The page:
Talk of 5G in Malaysia dates back all the way to 2019, but 3 years on, we're still nowhere close to full 5G rollout even in major cities like KL, Georgetown, or Johor Bahru.
The Timline Of EventsIf you're unaware about the timeline of events that have led to this delay here's our bad recap version: basically, Gomen A wanted to rollout 5G by 2020, then Gomen B surprise attacks and says "No, upgrade 4G so we can discontinue 3G".
Then Digital Nasional Berhad (DNB) was established in March 2021, owned by Gomen B. The entitiy is responsible for the rollout of 5G through a wholesale network, i.e., DNB provides 5G connectivity to all telcos and telcos buy from DNB at a wholesale rate.
Currently, most 4G towers are owned and operated by the Big 4 telcos (Maxis, Digi, Celcom, UMobile) and they have the right to charge what they want for people who want to connect to 4G through their towers. DNB's rollout on the other hand, would require all telcos to adopt one singular source for 5G, i.e., through DNB's cell towers.
Naturally, this sparked some lively back and forth between telcos and DNB over the terms of everyone sharing one singular network, but finally, an agreement has been struck between six telcos in Malaysia who will all share equity stake in DNB (30% government, 11.67% each for 6 telcos).
Now that we're all in agreement (well, almost, since the announcement, there has been no official word on the terms of the agreement), what's keeping 5G towers from being built all over the land and replacing 4G overnight?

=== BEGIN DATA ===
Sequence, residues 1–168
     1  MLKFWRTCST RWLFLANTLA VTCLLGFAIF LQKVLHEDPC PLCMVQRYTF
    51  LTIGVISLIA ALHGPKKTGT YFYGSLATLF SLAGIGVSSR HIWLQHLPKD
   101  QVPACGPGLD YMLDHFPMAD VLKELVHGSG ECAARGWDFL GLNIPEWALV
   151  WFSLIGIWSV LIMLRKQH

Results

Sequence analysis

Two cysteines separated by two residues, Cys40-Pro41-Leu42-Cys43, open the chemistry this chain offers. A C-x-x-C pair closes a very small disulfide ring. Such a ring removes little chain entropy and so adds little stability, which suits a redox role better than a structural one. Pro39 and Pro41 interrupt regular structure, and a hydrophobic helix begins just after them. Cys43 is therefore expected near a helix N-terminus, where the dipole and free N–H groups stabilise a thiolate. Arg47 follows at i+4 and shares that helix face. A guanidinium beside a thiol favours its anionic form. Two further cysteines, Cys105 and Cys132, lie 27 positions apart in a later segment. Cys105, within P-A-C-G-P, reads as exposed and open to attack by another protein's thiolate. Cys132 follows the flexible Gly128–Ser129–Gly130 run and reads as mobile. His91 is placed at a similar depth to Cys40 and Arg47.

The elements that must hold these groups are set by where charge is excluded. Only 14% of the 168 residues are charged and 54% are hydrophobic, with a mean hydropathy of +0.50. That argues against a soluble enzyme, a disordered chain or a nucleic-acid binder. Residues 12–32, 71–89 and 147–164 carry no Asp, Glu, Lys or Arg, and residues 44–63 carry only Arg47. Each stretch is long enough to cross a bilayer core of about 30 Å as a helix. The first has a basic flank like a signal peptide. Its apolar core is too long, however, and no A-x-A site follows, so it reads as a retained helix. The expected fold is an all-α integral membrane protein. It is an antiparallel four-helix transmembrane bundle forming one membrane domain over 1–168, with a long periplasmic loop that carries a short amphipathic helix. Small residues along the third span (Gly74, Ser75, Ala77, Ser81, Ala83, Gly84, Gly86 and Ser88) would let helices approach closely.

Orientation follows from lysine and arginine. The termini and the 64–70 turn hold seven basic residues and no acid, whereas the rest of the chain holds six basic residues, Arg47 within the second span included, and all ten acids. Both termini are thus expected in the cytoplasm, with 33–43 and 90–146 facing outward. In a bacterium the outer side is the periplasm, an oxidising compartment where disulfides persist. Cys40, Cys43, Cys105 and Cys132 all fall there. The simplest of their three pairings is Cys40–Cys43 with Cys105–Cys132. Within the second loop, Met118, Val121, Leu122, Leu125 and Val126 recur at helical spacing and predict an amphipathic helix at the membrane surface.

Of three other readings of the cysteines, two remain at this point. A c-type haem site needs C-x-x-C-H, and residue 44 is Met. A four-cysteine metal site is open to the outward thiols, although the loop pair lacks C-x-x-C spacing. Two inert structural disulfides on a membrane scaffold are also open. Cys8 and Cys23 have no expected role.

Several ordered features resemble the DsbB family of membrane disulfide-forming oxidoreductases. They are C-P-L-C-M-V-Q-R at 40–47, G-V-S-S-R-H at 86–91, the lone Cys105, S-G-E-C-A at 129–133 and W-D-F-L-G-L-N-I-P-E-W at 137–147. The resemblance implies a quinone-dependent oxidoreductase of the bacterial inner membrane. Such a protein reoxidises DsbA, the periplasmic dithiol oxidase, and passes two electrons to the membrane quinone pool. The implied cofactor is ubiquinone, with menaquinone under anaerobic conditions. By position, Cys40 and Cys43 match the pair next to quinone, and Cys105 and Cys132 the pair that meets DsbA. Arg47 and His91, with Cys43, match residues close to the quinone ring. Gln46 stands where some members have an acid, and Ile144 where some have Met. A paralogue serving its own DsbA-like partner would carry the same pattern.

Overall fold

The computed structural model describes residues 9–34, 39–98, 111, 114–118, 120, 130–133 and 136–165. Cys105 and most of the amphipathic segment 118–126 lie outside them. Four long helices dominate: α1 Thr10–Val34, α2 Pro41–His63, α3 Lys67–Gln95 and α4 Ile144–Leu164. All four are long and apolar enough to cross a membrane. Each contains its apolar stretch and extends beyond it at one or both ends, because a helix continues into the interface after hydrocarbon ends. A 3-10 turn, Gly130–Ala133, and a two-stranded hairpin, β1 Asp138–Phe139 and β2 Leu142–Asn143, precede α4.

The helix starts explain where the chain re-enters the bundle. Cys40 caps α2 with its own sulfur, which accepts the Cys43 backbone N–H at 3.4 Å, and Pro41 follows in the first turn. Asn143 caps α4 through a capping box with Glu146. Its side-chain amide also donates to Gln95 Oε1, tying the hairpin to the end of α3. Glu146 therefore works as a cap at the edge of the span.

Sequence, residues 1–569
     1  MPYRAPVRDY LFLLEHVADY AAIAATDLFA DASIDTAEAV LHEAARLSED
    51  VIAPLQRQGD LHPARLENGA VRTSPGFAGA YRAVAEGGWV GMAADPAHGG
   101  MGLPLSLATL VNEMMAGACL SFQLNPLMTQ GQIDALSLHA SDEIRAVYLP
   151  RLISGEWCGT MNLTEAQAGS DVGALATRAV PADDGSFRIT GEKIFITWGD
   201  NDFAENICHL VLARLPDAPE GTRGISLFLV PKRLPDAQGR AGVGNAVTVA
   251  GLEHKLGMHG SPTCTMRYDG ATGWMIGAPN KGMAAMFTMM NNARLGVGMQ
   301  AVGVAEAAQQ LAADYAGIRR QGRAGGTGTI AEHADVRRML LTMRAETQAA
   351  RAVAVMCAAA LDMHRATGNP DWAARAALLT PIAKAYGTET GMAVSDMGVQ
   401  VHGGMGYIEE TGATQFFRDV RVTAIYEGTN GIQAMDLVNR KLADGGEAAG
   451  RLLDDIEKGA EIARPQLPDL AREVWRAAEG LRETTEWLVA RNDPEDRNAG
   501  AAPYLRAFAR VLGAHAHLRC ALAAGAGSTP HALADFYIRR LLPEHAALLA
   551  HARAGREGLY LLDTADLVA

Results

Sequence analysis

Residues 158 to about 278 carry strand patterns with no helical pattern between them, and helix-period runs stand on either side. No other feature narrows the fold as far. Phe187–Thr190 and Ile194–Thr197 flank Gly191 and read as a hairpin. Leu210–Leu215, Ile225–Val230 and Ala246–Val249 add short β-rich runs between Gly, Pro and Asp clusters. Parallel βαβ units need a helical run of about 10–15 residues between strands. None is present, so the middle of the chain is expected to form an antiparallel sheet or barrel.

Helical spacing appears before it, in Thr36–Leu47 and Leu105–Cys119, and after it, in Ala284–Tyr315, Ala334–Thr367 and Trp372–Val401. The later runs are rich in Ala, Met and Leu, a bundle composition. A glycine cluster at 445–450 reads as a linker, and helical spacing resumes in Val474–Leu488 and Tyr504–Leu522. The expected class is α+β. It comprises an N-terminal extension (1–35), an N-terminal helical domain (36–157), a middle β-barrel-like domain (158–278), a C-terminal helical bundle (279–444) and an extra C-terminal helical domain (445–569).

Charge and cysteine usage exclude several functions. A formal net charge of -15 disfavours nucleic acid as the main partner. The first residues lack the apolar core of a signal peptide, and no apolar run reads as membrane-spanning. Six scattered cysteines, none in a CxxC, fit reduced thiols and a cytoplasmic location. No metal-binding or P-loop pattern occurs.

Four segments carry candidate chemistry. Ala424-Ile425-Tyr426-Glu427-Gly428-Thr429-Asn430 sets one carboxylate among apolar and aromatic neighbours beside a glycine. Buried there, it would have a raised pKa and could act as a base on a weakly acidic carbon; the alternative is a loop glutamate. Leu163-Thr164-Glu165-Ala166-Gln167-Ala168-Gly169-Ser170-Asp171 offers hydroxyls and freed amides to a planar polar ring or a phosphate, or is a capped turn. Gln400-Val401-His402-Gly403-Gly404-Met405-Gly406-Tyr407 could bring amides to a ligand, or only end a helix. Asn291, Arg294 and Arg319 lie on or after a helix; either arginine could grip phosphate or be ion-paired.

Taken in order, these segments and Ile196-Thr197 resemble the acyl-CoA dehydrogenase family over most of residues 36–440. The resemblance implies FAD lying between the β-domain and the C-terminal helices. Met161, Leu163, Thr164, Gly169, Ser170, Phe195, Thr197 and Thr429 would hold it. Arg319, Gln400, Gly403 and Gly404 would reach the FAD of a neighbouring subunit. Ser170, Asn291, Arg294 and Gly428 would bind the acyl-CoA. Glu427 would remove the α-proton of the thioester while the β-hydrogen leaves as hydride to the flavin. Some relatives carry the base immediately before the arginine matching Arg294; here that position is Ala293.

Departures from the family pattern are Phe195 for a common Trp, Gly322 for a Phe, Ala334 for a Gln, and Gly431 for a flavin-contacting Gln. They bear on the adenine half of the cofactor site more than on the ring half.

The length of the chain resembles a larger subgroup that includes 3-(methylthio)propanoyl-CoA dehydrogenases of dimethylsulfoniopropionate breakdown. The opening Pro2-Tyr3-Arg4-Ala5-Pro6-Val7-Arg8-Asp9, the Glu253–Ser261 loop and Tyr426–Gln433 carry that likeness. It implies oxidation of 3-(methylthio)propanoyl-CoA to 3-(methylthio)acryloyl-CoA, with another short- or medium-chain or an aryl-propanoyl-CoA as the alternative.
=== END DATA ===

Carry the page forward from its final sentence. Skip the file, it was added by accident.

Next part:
What is Stopping 5G Rollout Nationwide?To answer this question, we sat down with the CEO of YTL Communications, Wing K. Lee whose YES network was one of the first to rollout 5G in Malaysia.
"Firstly, I would like to recognise that the DNB team have done a very good job in such a short time to set up the company, run the tender, award the tender, and now literally 11 months after (after May 2021, the date where the tender to build 5G towers was awarded to Ericsson) we have so many 5G towers running in the country already—close to a 1,000.
"The average speed of 5G on DNB's network through our YES sim card is 665mbps (4G stands at an average 40mbps)) so I think this is a day that Malaysians should be proud of," he says.
As fast as 5G is, many Netizens have rightly pointed out that without a reliable connection, blazing fast YouTube streams at 4K cannot compare to consistent connectivity to Waze wherever you go. It's at this point that we ask Wing, what's the hold up with the 5G towers.
Can't we send Ericsson out into all the land across Malaysia and setup these towers so that all the telcos can begin using the towers and Malaysians immediately get a connection?
"Network coverage is not a static thing, it's not like this is it (as in the current state of 5G coverage). They keep building new sites every day and this is what these DNB guys are doing every day. Give these guys some credit, they've been working hard for the country putting sites up every day," he shares.
And how does YES, help DNB?
"Our towers: we let them deploy (5G) on our towers if it's appropriate. They decide. Ultimately, we don't tell them where to go, but we tell them 'These are all our towers, if we can help you, go ahead'".